Shornak said the fund’s grants will be matched by the groups that are applying them, which will bring added money for environmental projects. She said she would like to see the new fund help pay for river cleanups and clearing trash around the waterways as well as education programs showing students the impact that litter has on the environment.

“We have big dreams and plans to grow this environmental fund to produce results and make a larger impact in our neighborhoods and in our Tri-Cities,” Shornak said.

Next year, the fund is hoping to raise an additional $50,000 to $100,000, Partin said. He added that a 10% share of the fund’s annual earnings are expected to be dedicated to the Friends of the Lower Appomattox River, a nonprofit group that’s working to establish a 23-mile trail system in the Tri-Cities area.

Anyone looking for more information about the fund can call Sharpe, the John Randolph Foundation executive director, at (804) 458-2239.

Lohmann: Overcoming obstacles and making music

As his fellow musicians began to arrive at The Virginia Home for a recent evening performance, Harold Hausenfluck was busy connecting microphones and cords so he could record the session and later have it burned on a compact disc for others to hear.

Trying to find the right spot for each cable in the mixing board was a confusing enough task, but especially so since Hausenfluck cannot see.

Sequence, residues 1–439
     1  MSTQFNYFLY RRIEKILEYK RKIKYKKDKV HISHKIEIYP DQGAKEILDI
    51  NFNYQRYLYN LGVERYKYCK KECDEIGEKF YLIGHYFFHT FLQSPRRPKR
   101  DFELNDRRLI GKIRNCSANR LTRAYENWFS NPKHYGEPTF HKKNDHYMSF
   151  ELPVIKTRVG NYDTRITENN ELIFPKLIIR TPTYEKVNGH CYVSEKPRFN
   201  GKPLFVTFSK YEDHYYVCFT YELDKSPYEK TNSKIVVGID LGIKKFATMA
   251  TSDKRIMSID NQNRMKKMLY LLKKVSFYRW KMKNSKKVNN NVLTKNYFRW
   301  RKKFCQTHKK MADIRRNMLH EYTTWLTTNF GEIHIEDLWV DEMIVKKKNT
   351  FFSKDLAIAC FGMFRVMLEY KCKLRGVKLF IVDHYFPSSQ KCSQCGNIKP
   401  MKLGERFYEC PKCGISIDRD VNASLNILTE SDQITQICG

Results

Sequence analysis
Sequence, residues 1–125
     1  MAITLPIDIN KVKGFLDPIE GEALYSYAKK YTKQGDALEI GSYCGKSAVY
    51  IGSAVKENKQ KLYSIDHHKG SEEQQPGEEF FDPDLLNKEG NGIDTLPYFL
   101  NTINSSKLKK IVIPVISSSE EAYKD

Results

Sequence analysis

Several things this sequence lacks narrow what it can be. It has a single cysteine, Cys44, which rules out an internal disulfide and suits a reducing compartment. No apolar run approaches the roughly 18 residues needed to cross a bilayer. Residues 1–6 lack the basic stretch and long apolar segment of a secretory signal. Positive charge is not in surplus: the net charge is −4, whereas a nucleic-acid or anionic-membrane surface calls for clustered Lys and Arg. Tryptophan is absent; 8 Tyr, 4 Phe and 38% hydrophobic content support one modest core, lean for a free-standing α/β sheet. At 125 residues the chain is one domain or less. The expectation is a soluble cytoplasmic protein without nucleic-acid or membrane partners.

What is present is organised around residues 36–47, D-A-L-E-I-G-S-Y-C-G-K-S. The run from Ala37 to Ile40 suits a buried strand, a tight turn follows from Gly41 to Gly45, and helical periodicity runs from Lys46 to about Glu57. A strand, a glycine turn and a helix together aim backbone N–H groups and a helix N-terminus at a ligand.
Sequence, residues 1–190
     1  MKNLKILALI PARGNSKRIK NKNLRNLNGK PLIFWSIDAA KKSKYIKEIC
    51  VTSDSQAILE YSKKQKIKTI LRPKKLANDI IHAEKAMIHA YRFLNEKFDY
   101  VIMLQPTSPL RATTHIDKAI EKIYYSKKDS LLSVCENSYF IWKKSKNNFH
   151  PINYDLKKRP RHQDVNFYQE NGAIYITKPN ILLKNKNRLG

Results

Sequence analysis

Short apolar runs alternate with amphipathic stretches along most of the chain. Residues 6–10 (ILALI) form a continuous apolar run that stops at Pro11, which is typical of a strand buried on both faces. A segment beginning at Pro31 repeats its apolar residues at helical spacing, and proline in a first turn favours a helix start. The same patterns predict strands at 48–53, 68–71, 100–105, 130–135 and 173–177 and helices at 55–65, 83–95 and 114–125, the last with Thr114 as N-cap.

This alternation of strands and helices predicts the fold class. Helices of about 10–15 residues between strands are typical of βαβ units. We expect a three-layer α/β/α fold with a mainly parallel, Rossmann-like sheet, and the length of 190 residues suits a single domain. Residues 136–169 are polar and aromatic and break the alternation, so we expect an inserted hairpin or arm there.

Blind since birth, Hausenfluck, 67, is not one to let such obstacles hold him back. He merely figures out a way around them.

“He always loves solving problems,” said Lily Bowers, the music therapist at The Virginia Home, where Hausenfluck has lived for the past decade. “He’s all about doing things hands-on. He just keeps pushing forward.”

While Hausenfluck is something of a technological wiz — his infatuation with short-wave radio greatly broadened his world when he started listening to international broadcasts as a kid with a radio that was a gift from his parents — he also is a talented musician. He’s won numerous prizes over the years, including first place at the Old Fiddler’s Convention in Galax in the clawhammer banjo competition in 1984 and a half-dozen years later in the old-time fiddle category.

He possesses a remarkable memory with an ability to rattle off a recollection of dates and places he has seen only in his mind’s eye. Ask what tunes he played when he took those firsts in Galax, and there is no hesitation. “For the banjo, I played ‘Fortune.’ For the fiddle, I played ‘Flop-Eared Mule.’”

Years ago, he played gigs around Richmond at places such as Main Street Grill and Fox Elementary School, where he and his fellow players provided the music for square dances.